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Federal judge blocks AZ law that 'disenfranchised' Native voters; government shutdown could cost U.S. travel economy about $1 Billion per week; WA group brings 'Alternatives to Violence' to secondary students.

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Senator Robert Menendez offers explanations on the money found in his home, non-partisan groups urge Congress to avert a government shutdown and a Nevada organization works to build Latino political engagement.

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An Indigenous project in South Dakota seeks to protect tribal data sovereignty, advocates in North Carolina are pushing back against attacks on public schools, and Arkansas wants the hungriest to have access to more fruits and veggies.

Post-Pandemic, WV Kids Still Catching Up at School

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Wednesday, May 4, 2022   

During the COVID pandemic, West Virginia's elementary school enrollment dropped and saw rankings near the bottom among states for some education metrics. However, those students now are catching up on what they may have missed while remote learning with the help of a global nonprofit.

Cathryn Miller, state director for Save the Children's West Virginia program, said her organization has faced an uphill battle in the Mountain State.

"If you look at the 2021 U.S. Census, West Virginia fell among the bottom 10 states for both school disruptions and having the tools they need to learn at home," she said. "Some of the schools did not receive enough devices during their remote learning until January of 2021."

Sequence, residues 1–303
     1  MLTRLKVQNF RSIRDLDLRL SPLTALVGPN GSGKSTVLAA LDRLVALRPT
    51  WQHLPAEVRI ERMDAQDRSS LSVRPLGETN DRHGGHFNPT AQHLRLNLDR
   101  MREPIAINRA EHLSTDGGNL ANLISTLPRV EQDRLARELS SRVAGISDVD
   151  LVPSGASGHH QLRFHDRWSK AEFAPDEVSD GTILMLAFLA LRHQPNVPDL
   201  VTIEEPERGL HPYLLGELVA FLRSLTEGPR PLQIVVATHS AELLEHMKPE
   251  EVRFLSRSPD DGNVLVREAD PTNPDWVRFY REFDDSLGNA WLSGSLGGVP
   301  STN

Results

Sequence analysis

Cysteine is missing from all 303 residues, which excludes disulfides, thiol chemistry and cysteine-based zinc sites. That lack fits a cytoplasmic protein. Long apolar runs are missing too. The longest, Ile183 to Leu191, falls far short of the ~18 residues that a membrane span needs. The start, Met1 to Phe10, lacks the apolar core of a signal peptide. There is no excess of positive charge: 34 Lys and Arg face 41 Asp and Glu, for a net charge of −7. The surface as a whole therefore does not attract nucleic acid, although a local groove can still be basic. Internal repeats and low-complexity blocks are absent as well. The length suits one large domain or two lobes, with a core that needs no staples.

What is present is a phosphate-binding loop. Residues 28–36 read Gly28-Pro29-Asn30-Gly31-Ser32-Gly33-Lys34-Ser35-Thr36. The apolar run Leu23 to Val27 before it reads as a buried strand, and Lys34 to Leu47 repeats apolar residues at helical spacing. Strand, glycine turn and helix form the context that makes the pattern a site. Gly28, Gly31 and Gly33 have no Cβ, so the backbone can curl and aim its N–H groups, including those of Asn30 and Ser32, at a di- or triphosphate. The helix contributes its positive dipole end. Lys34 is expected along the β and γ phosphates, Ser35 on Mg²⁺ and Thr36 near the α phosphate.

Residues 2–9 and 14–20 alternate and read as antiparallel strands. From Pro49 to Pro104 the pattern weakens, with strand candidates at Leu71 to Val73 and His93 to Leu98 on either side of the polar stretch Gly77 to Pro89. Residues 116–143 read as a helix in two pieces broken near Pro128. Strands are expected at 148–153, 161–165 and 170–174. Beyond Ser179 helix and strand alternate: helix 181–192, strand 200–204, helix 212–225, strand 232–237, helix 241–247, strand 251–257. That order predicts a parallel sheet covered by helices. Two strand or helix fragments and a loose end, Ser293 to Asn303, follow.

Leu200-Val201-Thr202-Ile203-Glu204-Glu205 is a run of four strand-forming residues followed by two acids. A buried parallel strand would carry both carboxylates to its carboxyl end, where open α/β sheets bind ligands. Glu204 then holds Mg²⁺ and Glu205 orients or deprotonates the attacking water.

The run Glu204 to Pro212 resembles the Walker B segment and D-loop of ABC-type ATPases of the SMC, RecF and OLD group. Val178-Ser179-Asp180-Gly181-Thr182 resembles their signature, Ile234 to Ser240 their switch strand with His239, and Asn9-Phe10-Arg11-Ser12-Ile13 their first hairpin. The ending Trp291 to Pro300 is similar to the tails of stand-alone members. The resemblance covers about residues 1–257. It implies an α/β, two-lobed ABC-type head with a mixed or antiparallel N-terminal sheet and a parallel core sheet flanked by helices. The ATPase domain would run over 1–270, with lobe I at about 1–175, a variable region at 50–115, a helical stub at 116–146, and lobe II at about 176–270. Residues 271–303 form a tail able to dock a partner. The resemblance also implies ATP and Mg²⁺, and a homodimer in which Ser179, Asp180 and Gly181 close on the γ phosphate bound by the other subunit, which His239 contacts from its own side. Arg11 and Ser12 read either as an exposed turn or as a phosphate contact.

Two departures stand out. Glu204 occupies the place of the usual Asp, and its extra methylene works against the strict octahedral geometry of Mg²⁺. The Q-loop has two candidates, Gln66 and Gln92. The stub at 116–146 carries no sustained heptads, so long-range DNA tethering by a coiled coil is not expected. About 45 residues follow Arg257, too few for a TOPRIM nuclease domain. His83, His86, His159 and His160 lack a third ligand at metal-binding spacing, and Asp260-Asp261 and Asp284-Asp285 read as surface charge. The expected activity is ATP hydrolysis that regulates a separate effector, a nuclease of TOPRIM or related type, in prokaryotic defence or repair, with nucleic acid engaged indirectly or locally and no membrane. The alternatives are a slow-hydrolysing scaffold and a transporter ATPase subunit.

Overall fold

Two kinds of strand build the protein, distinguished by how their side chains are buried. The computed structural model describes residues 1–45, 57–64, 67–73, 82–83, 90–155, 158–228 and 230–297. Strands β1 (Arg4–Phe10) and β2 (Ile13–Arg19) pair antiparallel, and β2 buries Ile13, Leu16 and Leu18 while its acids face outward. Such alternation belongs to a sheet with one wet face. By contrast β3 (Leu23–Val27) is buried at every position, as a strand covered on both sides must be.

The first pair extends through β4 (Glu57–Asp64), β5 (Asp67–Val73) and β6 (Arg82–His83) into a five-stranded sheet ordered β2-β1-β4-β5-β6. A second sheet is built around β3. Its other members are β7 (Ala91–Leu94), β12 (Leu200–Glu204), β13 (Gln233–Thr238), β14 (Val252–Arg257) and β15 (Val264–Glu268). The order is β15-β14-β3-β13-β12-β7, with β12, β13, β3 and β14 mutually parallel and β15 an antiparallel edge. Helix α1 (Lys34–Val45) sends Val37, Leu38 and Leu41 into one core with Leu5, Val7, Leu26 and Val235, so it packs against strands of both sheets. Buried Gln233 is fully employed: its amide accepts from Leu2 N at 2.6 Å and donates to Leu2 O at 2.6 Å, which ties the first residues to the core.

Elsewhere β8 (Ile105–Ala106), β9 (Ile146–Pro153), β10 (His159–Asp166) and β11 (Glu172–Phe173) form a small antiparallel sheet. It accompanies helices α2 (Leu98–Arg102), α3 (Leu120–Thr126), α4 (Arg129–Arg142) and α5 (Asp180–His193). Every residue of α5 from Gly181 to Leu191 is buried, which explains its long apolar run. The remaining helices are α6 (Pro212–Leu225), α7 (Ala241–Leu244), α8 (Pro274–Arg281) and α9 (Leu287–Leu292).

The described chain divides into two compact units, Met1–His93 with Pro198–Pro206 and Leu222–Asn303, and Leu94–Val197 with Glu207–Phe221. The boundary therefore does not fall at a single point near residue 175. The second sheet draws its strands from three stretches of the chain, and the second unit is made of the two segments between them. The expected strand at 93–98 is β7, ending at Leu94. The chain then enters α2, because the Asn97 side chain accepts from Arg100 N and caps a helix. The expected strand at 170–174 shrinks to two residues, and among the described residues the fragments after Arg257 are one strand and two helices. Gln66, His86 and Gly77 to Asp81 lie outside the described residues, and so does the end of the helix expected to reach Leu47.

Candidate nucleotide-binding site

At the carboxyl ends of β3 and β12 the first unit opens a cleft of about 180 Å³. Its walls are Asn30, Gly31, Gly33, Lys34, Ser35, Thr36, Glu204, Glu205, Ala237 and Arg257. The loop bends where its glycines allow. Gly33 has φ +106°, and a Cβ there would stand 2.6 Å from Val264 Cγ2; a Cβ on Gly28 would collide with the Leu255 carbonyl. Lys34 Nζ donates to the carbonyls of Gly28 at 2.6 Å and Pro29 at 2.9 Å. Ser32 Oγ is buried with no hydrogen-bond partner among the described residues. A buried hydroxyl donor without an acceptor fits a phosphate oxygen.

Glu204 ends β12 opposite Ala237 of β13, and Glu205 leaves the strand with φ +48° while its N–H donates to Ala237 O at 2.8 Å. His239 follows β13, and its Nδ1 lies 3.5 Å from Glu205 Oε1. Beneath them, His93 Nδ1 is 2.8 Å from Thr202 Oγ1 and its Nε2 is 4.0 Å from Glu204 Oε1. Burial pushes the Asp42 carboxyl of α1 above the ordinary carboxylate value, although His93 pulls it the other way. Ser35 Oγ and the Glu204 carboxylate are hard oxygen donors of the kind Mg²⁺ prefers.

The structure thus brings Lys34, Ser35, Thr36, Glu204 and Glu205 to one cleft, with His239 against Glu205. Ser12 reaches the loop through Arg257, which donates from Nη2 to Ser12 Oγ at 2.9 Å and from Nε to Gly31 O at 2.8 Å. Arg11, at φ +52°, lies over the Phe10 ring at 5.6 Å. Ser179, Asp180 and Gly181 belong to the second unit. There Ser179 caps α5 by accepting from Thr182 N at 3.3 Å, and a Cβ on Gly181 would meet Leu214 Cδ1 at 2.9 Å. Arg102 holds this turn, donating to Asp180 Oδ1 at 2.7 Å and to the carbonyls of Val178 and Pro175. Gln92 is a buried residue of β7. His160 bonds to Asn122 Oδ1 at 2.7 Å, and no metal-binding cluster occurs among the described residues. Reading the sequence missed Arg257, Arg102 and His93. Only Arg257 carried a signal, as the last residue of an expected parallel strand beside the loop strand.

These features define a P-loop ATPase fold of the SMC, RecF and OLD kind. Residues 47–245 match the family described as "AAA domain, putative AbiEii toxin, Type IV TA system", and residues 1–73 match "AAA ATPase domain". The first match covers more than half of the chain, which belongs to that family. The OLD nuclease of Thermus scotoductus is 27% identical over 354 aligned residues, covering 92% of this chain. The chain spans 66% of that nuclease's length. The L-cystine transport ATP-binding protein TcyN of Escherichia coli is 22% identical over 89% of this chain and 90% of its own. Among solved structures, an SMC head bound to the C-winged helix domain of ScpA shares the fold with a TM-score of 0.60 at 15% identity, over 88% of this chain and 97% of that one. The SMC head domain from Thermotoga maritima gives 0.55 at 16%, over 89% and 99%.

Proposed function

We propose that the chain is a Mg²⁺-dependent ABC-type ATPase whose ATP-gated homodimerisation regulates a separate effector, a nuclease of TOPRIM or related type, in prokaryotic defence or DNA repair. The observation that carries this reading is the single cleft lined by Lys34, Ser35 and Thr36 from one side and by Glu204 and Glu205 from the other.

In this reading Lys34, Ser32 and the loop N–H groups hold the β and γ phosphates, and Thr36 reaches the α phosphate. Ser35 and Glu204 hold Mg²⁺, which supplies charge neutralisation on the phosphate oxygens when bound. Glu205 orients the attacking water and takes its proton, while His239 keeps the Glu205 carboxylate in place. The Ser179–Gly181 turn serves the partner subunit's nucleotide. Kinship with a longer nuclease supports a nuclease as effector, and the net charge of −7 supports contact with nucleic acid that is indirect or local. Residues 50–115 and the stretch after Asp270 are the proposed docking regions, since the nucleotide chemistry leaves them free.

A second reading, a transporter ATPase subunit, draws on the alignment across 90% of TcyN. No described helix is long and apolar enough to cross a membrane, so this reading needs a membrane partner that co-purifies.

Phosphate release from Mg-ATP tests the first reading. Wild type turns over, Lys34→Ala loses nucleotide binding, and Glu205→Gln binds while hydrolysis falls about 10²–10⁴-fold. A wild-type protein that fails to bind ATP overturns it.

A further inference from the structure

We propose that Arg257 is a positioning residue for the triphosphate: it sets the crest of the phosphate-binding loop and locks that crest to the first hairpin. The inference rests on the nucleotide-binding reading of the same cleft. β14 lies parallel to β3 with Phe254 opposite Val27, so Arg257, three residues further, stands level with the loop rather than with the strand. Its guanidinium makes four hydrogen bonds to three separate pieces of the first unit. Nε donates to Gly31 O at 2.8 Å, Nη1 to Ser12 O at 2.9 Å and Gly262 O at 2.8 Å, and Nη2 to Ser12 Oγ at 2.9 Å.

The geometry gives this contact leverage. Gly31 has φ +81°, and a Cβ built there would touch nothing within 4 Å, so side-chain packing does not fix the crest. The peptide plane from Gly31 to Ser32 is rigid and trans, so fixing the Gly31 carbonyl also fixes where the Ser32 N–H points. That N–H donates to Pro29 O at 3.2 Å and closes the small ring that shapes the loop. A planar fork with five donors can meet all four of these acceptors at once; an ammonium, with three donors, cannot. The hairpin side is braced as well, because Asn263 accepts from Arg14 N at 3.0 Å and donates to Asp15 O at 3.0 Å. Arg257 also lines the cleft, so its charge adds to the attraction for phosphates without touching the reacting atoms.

Miller said Save the Children now partners with 50 schools in eight West Virginia counties to provide early education and social-emotional learning programs to about 2,300 children.

Miller said the elementary education programs are offered both during the day and after school, with a focus on two core subjects.

"They strive for reading and math proficiency at the end of third grade, which is that critical time when children need to go from learning to read to reading to learn," she said. "And that is really what sets them up for future success in school and life."

Shane Garver, head of education, hunger and resilience for Save the Children, said that while West Virginia's education system was one of the hardest hit, most American families struggled to keep up with their kids' schooling during the pandemic.

"As the pandemic began, nine out of every 10 families with kids across the U.S. faced significant disruptions in their child's learning," he said. "Recent research has shown that kids are four to five months behind in reading and math skills."

Garver also noted that students from minority communities are up to six months behind in their studies, and students of families in poverty are up to seven months behind.

Disclosure: Save the Children contributes to our fund for reporting on Children's Issues, Early Childhood Education, Education, Poverty Issues. If you would like to help support news in the public interest, click here.


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